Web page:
I explained to Mark that I wanted to honestly know would someone like me be welcomed at this event and would any of my feedback be taken seriously having no experience or knowledge of this craft?  Mark said, “yes, you’d be a great person to have come!”  Me, Why?  Jay and Mark explained we want to ask people, “does this song making sense to you?”  ”Does this one move you?”  ”Are you enjoying yourself?”  ”What parts did you dislike or like the most?”  Jay went on to explain they are using more of a mainstream feel for the music, and were actively making this more friendly to more a wide range of people.  Immediately, we dove into the idea that people in 2014 want to be feel involved or like they had a hand in creating any product really.  We agreed that the idea of failing or correcting something needs to be more embraced in our society, and that asking for feedback on how to improve something is invaluable.   

This idea  for the musical, which started in May 2013, and was presented to a small group of people in January 2014, is now being presented again on Friday night of this week.  The people who saw it in January will see a different version now because of the feedback they gave Mark and Jay.  As with the first time, the audience that comes this Friday will be encouraged to voice their opinions.  The next step in their journey will will arrive in August, when Mark and Jay material from “The Road of Life” at the Finger Lakes Musical Theatre Festival in Auburn, New York  Both times with audience being encouraged to voice their opinions.    The journey will culminate in August at the Auburn Music Theatre Festival in New York.  The idea that these audiences they are presenting to can be a part of this finished product is an amazing thing, and something rare.  I told them that people will take pride in helping them put their best foot forward.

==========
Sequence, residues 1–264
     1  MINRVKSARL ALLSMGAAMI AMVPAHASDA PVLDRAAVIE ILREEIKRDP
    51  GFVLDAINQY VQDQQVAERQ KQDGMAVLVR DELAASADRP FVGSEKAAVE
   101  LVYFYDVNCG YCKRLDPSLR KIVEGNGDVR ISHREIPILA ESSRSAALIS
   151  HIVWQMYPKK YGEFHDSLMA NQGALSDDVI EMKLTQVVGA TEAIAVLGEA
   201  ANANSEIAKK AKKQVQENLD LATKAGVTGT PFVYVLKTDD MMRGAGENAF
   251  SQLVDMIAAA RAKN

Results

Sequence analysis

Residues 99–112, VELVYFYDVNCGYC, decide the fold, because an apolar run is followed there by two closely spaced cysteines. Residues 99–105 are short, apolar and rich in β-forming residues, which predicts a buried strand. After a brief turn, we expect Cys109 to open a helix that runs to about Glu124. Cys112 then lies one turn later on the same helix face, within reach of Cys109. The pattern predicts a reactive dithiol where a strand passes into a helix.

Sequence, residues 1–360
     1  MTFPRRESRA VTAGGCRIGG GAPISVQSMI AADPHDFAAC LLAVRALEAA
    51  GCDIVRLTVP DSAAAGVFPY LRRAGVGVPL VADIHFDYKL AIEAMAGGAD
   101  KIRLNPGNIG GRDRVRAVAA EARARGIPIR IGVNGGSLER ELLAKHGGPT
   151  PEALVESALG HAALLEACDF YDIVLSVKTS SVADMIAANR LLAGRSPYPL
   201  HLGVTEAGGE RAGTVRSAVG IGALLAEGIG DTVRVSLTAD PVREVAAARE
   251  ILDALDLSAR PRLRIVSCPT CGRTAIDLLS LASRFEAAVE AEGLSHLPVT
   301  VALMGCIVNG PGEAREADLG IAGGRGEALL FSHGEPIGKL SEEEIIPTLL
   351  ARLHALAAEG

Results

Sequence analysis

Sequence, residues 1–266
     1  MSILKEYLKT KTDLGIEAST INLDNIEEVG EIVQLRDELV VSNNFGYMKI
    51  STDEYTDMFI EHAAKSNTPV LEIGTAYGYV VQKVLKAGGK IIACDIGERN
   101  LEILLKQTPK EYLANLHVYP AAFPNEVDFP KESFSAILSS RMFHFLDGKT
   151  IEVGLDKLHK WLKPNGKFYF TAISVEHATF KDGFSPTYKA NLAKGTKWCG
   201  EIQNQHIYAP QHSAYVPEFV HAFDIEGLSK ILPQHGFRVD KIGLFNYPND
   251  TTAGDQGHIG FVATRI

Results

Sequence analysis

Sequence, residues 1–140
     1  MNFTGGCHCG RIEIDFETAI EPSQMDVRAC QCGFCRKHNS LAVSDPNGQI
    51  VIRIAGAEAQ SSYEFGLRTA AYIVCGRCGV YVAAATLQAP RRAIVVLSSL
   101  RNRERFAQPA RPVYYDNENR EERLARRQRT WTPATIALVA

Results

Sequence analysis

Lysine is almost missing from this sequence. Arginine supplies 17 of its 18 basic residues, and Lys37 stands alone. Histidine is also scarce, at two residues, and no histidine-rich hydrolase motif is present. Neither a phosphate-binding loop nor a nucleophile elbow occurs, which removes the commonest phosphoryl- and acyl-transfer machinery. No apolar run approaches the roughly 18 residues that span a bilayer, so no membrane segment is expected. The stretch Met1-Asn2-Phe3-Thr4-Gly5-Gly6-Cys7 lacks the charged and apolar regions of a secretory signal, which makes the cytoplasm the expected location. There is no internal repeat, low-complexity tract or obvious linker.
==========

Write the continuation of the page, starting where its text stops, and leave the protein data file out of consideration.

During the interview all I kept thinking was how Jay and Mark truly cared about giving the audience exactly what they wanted. and making the musical more enjoyable.  This pertains to anything I think where a product or performance is given to people.  Jay and I related to each other as being the guys who were given footballs and basketballs as kids and just went through High School and even college playing sports.  Mark explained that he probably went to hundreds of plays/musicals growing up and his first was ‘The Sound of Music,’ which he saw in Cincinnati, Ohio when he was 9.  Instantly he said, “I was hooked, and didn’t mind getting teased about listening to musical cast albums while other guys my age were playing sports.”  Jay said he was always into music very heavy and played in many bands but never really got into the idea of musicals into he met Mark.  This interview was more like a conversation between friends that all agreed on so much.

Although the history of the story that forms the backdrop for “The Road of Life” is of a tragic time, Mark explains, “we wanted to bring some light to this dark time and to show that love is extremely powerful.  Riding on top of all of this is a love story–it’s something that held people together then and will hopefully move audiences now.”


Jay told me that he and Mark had created 35 songs for the musical, and probably would keep 25 for the show’s final version.  Mark explained to me how he and Jay plotted the structure of the entire musical at the very beginning of their creative process and Jay described how songs can actually lead the way from scene to scene and how they can dictate everything from new plot twists to the creation of new characters.  Being a complete rookie to this, all my brain is being filled with information about this process that I didn’t expect.  I’m blown away by the sheer amount of work that goes into something like this.